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Sketch Testing & Iteration

After digitizing the sketches we did user testing and found that the participants were confused about the difference between "Animals & Gardens" and "Beyond the Zoo"

Round 2 Testing & Iteration

In order to clarify the differences, we Compressed Visit, Animals & Gardens into "explore the zoo". but people were still confused with the difference between "explore the zoo" and "beyond the zoo"

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Round 3 Testing & Iteration

Taking the usability testing feedback we continued to iterate to make the application more intuitive and approachable. Below is the final (for now) result.

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A Site Map & how card sorting could have saved hours!

At this point we were having a lot of trouble in the testing around the naming conventions. what we needed to do first was have a card sort, but what we did instead (because of time) was draw out a site map.  The lack of card sorting probably cost us a combined 40+ hours of redesigns and testing, but the site map does explain the process of shifting categories around.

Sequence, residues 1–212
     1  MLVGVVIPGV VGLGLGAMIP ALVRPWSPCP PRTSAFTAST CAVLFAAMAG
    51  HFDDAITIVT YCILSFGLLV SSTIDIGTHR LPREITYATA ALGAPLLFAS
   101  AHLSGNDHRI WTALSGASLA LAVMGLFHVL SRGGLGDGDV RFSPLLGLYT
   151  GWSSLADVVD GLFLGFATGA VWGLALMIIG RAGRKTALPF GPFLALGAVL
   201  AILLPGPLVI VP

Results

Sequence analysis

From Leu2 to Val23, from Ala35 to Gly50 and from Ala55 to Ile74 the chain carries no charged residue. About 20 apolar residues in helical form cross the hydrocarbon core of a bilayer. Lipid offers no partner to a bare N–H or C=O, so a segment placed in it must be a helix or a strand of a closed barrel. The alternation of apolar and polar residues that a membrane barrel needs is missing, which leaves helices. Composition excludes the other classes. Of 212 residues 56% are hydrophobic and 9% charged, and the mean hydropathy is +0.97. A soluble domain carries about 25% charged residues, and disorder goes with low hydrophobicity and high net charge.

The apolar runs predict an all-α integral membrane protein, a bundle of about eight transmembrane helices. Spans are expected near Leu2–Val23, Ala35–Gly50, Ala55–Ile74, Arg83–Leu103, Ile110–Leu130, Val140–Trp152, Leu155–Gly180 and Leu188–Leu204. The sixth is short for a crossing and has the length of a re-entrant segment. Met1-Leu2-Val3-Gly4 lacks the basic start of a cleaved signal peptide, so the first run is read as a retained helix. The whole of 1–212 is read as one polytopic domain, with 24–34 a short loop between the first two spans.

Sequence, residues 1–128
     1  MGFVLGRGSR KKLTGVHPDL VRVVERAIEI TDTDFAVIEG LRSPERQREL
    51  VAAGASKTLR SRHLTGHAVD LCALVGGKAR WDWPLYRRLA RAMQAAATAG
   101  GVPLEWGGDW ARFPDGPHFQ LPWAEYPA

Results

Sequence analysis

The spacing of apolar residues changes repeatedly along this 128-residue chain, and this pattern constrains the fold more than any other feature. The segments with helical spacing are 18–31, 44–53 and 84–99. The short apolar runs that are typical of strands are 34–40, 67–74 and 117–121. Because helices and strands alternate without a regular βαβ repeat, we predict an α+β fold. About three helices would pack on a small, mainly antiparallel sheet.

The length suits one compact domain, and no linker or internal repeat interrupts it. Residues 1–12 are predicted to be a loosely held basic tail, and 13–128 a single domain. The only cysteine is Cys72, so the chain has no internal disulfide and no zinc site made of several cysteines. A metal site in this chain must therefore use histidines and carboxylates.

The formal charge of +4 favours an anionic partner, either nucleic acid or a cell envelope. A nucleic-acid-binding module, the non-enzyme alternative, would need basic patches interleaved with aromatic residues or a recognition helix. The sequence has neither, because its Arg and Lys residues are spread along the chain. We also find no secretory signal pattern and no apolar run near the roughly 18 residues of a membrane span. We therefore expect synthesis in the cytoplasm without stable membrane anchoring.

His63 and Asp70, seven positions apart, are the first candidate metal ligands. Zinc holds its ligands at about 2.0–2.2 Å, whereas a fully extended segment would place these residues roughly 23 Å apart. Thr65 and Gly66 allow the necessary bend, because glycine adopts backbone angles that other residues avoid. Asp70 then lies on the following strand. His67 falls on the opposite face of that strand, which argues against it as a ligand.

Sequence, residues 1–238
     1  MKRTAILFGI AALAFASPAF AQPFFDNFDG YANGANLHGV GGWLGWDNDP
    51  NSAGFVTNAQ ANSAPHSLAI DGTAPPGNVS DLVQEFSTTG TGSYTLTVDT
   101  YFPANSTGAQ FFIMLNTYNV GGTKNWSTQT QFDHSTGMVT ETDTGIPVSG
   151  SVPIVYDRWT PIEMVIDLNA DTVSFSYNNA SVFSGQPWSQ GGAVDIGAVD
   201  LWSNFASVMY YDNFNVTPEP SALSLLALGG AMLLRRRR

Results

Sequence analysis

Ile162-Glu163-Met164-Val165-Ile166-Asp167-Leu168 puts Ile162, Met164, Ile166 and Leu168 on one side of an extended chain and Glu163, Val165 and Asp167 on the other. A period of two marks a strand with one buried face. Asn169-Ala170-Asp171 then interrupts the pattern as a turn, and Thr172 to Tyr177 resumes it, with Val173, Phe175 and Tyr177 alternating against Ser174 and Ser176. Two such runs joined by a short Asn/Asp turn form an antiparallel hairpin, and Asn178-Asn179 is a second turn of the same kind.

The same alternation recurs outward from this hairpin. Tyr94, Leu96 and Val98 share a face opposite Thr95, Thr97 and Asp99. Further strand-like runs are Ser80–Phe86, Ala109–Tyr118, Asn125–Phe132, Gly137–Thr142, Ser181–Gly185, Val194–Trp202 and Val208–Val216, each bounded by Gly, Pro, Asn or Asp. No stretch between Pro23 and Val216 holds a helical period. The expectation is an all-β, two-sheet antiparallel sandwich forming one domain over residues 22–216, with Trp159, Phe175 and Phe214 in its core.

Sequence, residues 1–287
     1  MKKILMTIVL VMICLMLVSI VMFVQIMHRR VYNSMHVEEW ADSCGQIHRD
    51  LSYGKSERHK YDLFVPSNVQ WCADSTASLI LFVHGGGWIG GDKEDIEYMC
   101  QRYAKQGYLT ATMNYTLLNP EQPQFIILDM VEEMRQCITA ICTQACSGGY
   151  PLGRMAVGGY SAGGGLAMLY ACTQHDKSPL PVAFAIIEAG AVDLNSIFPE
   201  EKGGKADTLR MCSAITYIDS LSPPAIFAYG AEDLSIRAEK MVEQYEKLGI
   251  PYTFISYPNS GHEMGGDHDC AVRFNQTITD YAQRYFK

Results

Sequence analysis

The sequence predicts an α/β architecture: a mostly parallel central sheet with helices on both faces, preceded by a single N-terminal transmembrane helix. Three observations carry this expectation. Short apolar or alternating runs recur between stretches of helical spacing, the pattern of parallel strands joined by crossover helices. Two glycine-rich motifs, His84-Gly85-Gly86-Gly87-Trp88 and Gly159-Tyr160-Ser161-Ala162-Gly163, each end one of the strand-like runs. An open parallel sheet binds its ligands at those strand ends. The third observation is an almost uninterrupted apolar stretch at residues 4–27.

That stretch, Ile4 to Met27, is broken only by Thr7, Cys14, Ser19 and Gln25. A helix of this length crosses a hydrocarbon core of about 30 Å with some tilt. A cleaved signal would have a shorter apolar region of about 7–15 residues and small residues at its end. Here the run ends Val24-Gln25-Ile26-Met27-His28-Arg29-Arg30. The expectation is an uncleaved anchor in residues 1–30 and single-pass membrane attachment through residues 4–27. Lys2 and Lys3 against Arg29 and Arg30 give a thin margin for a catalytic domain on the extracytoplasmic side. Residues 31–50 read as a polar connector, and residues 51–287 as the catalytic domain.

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Old

Deliver - How well can you navigate the prototype?

Try to Find The Blue Monkey

Here

 

There are always next steps... 

Card Sorting, to really nail town an intuitive user experience, focused on fixing an confusing naming conventions.

Final Thoughts -
A great team will always do great work.

I'm incredibly grateful for the opportunity to learn through this project and with this team. I'm excited to continue to build my skill set. LPZ differently presented unique challenges, and opportunities to grow, and I couldn't be more proud of my team for crushing it!

Test the
Working Mockup

Yourself!